Review of The Hunting of Leviathan: Seventeenth-Century Reactions to the Materialism and Moral Philosophy of Thomas Hobbes, by Samuel I. Mintz, Modern Philology, Vol. 62, No. 3 (February 1965).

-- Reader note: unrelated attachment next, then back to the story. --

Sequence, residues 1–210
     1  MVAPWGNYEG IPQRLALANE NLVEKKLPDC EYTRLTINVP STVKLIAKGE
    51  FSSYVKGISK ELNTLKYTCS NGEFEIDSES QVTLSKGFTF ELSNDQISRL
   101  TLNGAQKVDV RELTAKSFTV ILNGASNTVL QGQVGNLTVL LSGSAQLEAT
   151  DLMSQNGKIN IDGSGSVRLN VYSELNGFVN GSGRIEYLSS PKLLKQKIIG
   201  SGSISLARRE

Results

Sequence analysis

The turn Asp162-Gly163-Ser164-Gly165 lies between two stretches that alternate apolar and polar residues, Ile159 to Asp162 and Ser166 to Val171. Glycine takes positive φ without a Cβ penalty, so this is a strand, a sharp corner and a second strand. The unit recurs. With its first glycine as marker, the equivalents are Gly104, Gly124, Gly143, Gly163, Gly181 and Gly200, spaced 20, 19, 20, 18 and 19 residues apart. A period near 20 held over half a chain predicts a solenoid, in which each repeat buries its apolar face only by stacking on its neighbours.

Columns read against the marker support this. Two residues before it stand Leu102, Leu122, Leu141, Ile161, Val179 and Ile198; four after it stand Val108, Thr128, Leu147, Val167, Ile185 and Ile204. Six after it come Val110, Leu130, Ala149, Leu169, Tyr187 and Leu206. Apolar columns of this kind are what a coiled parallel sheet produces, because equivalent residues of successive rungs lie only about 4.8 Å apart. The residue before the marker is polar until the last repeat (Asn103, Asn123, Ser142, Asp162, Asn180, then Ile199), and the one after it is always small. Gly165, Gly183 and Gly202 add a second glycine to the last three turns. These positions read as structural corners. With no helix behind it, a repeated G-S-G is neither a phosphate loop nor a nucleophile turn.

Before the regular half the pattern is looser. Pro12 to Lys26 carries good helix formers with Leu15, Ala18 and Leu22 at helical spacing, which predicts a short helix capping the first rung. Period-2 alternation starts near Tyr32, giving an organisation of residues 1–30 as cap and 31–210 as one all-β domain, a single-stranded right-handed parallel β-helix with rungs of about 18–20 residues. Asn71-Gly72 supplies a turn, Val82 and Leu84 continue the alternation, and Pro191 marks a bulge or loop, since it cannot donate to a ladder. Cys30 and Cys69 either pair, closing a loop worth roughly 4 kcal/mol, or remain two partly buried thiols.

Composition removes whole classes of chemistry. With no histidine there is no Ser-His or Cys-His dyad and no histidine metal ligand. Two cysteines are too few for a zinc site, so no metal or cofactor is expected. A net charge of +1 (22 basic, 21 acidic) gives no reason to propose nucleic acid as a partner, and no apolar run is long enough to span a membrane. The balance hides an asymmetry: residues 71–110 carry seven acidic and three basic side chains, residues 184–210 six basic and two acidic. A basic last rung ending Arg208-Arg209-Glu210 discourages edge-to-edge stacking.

Hobbes was attacked in the first place on account of his materialism, materialism being regarded by all of his critics as the “main root of atheism” (p. 67). Hobbes’s materialism is most vulnerable to attack since “he did not prove, or even attempt to prove, that matter alone is real” (p. 66). The argument which the more intelligent men among his critics “thought was the strongest was the one which asserted that matter in motion cannot by itself account for thought” (p. 69). The arguments used for proving this assertion were for the most part traditional (pp. 77, 85, 100-101). Mintz is silent on the question of whether Hobbes’s critics saw the difference between Hobbes’s materialism and traditional (say, Epicurean) materialism. Accordingly he is not concerned with the difference between the traditional arguments and the arguments peculiar to the more original among Hobbes’s critics. Henry More and Joseph Glanvill, it appears, used the fact of witchcraft as an important argument for refuting materialism (pp. 86, 102-3, 109). More’s doctrine according to which “all substance has dimensions” or that God himself is extended, is of a different description (pp. 88-92), but for the reason given it does not become clear whether that doctrine as peculiar to More is a response to the materialism peculiar to Hobbes.